Forest Products Trade Flow database


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The objective of this database system is to provide an up-to-date, neutral, comprehensive source of forest products bilateral trade statistics to the public through an online interface. The system modernises the way trade flow data are downloaded from UN COMTRADE, stored, validated and presented in a way that has more value added for the end-user. The system allows for semi-automatic updating of the data.

Trade flow data discrepancies and the need for data validation

Import and export data which specifies country of origin and country of destination are called dyadic data or bilateral tradeflow data. Such data provide useful insights into the state and development of globalised forest products and related markets and they are an input into macro-econometric models.

However, data quality varies greatly throughout the product range and across countries: tradeflow figures might be erroneous or missing. When looking at annual trade of a commodity between countries, large discrepancies can appear, for various reasons.

Each time when a country A exports a certain commodity to country B, a number of data variables are recorded, typically by each of the respective national customs organisations as export and import. The recorded data include value of the shipment and quantity in one or more unit types, typically in metric tonnes and cubic meters but depending on the commodity, a wealth of different quantity metrics can be applied in different countries.

Normally the quantity of a shipment should remain the same between origin and destination country and the value should also remain more or less the same. However, as in many cases these data are not comparable, it is difficult to judge which of the data would be correct.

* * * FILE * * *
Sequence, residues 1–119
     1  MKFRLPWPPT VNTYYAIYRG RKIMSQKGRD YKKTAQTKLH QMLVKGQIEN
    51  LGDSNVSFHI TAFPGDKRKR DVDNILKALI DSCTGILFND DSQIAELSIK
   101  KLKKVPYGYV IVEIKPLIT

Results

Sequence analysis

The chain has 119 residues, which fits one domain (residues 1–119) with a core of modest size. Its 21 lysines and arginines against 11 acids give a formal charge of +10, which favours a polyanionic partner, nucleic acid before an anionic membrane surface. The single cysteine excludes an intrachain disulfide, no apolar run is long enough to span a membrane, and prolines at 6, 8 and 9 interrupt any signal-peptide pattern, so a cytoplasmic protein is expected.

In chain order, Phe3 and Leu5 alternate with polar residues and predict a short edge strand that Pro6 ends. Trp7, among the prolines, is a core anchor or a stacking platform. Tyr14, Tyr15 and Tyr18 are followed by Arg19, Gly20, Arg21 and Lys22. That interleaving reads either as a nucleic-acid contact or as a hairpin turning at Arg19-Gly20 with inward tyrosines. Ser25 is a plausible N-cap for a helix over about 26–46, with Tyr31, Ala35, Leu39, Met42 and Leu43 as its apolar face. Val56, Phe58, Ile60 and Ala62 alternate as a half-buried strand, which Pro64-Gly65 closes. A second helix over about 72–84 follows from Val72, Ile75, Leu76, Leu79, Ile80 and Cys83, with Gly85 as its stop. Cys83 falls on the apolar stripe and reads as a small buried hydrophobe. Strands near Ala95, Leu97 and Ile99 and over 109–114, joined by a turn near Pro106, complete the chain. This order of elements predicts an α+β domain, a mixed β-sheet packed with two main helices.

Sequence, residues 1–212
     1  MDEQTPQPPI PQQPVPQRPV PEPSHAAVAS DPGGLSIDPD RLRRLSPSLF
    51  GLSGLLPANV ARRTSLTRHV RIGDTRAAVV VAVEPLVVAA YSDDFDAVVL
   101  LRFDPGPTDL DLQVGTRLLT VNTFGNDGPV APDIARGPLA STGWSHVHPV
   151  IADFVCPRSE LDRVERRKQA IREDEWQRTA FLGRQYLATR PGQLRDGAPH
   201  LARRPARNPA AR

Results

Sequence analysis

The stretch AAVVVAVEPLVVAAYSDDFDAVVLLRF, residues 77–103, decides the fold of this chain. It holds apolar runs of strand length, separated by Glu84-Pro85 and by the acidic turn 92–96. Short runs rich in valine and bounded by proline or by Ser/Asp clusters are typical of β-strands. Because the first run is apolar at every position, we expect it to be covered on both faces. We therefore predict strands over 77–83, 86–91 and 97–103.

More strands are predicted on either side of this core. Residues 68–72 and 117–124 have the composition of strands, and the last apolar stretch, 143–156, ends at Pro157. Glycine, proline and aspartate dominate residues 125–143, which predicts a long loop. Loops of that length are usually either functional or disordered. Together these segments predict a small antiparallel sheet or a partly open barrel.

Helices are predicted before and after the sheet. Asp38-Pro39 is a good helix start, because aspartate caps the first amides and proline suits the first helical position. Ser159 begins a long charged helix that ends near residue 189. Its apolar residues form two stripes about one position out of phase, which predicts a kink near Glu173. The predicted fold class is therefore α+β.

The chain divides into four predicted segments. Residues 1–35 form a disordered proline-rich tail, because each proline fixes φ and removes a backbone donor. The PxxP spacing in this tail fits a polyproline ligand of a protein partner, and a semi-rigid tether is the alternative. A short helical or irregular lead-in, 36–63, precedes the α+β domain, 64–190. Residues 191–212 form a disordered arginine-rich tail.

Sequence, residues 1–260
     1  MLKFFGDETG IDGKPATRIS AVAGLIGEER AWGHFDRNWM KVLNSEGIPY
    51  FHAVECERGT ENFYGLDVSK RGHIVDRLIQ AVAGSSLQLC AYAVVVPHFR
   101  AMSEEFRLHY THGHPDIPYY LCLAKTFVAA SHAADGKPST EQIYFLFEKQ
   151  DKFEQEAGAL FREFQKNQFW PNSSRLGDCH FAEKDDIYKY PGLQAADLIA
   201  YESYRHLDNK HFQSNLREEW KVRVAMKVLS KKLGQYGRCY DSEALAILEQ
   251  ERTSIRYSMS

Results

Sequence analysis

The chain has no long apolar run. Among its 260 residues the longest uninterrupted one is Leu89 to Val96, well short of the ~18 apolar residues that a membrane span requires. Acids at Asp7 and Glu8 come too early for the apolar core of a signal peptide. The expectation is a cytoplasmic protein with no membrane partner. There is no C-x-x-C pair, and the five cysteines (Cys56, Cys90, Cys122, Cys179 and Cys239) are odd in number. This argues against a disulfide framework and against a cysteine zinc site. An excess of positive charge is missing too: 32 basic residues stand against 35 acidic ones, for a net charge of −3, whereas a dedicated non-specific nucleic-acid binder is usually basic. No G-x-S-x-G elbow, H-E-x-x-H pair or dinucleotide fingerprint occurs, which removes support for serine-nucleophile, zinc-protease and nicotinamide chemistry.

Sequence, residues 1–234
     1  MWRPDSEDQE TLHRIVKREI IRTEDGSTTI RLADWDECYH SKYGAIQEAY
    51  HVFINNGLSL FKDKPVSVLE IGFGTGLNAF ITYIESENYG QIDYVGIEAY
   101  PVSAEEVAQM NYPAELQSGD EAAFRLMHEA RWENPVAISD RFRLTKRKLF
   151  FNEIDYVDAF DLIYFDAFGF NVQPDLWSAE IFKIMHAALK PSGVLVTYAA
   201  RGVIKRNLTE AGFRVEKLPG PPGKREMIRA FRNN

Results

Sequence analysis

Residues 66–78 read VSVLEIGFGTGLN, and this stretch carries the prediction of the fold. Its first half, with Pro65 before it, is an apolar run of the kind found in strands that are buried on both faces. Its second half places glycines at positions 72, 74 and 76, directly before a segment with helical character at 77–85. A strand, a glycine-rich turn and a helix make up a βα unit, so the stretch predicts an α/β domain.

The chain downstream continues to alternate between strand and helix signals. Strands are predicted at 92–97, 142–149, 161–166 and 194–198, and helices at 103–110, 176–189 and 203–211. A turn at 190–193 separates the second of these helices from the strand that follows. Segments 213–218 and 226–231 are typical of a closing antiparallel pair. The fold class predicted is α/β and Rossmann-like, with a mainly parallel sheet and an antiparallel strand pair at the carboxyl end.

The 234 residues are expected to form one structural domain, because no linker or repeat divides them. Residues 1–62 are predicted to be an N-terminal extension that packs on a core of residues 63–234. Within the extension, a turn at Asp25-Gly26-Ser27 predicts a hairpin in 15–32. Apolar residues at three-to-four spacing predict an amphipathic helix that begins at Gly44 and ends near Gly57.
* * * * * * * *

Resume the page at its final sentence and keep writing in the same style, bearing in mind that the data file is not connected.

Some of the reasons for trade flow data discrepancies are reported here below (not in order of importance):

  • Triangular trade
  • Product conversion in customs zones or free-trade areas
  • Mis-reportings by one of the partner countries
  • Non-reportings by one of the partner countries (the ‘mirror issue’)
  • Differences between countries in methods of assessing trade value and quantity (particularly an issue with intra-EU trade)
  • Partners report in different classification systems
  • Time-shift effects due to trade leaving a country in one period and arriving in partner country in the next period
  • Erroneous indication or misinterpretation of units or currencies
  • Erroneous conversion between quantity units or between currencies
  • Confidentiality e.g. when there are very few economic operators related to a particular commodity in a country

Building further on the method developed by Michie and Wardle (2002), a data quality assessment and correction procedure was developed to handle outliers (i.e. data that are out of bounds and surely erroneous), mirroring missing data, estimating missing quantity data (cubic meters or metric tonnes, depending on the commodity international standard quantity unit).

Data source and classification